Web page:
Research Labs and Rehearsal Rooms: Shared Lessons for Dramatists and Engineers
At first glance, it may not seem like engineers and stage designers have much in common. But while their goals are different, the two disciplines actually have much to learn from one another, said Todd Rosenthal, a Tony Award-winner and associate professor of theatre at Northwestern University.
“There are similarities in the process of designing for the stage, designing at a school of engineering, or designing for industrial design,” Rosenthal told an audience of McCormick students and professors at a Dean’s Seminar Series lecture on Wednesday. “There is a very distinct common thread.”
It boils down to a simple tenet, Rosenthal said: less is more. “As you start pulling stuff away, (the design) becomes better. It always becomes better,” Rosenthal said. “You distill it down to what is really needed.”
In his presentation, “The Perfect Chair: Simplified Realism in Theatrical Design,” Rosenthal gave a primer in theatrical design: how the field has evolved throughout history; how the design process evolves from paper to stage; and how a set must provide actors and audiences the means to access the world of a play – the so-called “perfect chair.”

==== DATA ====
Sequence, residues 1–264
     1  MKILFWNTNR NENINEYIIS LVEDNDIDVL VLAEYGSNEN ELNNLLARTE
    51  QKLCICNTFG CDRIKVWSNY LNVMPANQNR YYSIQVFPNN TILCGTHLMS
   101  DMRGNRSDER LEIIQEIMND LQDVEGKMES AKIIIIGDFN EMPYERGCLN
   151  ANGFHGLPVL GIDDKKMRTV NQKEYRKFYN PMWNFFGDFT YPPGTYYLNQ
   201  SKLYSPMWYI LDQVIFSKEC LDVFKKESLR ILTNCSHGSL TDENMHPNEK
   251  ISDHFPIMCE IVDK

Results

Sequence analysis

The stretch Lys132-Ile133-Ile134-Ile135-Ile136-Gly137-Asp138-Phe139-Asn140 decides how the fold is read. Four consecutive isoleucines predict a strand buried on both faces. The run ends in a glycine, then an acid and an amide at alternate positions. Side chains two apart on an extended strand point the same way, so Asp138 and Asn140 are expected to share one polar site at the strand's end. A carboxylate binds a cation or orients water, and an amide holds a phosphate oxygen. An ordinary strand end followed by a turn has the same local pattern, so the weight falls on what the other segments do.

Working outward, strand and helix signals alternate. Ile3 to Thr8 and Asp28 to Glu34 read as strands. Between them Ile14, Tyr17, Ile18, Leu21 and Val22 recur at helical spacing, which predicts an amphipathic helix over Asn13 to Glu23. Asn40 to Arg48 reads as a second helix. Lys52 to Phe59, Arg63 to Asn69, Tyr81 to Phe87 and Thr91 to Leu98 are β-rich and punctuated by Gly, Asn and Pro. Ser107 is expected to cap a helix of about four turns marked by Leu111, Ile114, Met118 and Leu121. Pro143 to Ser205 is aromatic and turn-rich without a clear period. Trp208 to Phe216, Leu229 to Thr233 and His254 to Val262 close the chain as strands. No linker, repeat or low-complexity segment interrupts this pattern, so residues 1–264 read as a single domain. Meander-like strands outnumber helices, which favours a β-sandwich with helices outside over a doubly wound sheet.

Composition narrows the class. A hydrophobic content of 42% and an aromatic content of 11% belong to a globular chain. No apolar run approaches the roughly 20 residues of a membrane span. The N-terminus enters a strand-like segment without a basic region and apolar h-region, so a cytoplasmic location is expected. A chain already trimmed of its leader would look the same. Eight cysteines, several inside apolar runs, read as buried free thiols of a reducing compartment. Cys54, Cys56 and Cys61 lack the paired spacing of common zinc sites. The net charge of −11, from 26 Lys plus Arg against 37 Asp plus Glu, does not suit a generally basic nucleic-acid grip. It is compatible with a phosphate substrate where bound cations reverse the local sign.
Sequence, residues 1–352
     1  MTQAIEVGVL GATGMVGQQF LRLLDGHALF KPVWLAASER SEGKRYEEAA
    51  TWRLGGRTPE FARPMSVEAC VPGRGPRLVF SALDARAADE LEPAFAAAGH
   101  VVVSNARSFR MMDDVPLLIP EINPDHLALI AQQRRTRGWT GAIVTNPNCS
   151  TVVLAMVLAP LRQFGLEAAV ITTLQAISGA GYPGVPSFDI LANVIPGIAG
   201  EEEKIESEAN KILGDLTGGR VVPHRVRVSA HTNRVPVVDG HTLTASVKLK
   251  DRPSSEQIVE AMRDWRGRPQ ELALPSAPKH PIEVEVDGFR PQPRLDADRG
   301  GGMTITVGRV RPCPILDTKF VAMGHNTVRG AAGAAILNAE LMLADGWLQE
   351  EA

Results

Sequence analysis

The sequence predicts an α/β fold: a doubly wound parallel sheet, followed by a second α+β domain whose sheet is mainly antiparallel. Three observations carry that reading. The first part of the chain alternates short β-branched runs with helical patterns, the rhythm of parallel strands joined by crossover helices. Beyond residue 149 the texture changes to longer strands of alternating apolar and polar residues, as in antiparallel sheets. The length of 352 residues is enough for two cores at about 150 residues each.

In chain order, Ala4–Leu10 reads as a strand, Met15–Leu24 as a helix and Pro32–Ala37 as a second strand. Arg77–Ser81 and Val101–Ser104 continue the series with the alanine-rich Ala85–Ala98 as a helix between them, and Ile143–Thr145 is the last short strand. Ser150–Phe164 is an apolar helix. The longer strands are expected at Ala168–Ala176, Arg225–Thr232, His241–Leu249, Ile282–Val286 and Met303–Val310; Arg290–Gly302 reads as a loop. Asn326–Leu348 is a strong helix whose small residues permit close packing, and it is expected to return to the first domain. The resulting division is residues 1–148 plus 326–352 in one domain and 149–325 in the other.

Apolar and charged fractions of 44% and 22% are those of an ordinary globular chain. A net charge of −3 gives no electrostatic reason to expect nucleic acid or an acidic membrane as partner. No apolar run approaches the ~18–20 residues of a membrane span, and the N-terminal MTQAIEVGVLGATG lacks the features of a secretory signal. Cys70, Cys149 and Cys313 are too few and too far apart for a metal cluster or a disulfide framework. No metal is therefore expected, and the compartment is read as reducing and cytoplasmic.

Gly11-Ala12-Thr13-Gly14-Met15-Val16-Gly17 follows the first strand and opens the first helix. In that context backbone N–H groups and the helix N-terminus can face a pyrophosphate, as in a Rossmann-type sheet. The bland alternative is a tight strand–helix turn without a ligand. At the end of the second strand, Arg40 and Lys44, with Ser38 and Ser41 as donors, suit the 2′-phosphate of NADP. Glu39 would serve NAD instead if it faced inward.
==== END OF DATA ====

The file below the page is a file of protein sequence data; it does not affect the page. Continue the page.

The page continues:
A respected stage designer in the United States and abroad, Rosenthal won a Tony Award in 2008 for his Broadway design of August: Osage County. His work has been honored with the Michael Merritt Award for Excellence in Design and Collaboration, the Los Angeles Times Stage Alliance Ovation Award, the Los Angeles Backstage Garland Award, and the Joseph Jefferson Award, among others.
Rosenthal recently founded a company that designs museum exhibits; among his designs is an exhibit for the MythBusters at Chicago’s Museum of Science and Industry. “We’ve found common ground with these guys,” Rosenthal says. “They’re engineers and they design apparatuses that dispute myths, but they’re also artists.”
McCormick Dean Julio M. Ottino, who hosted Wednesday’s event, noted that engineers can benefit immensely by exposure to other design fields, such as theatre.
“It’s really good to see how other people work, because they operate with a completely different set of constraints,” Ottino said. “That enriches us all.”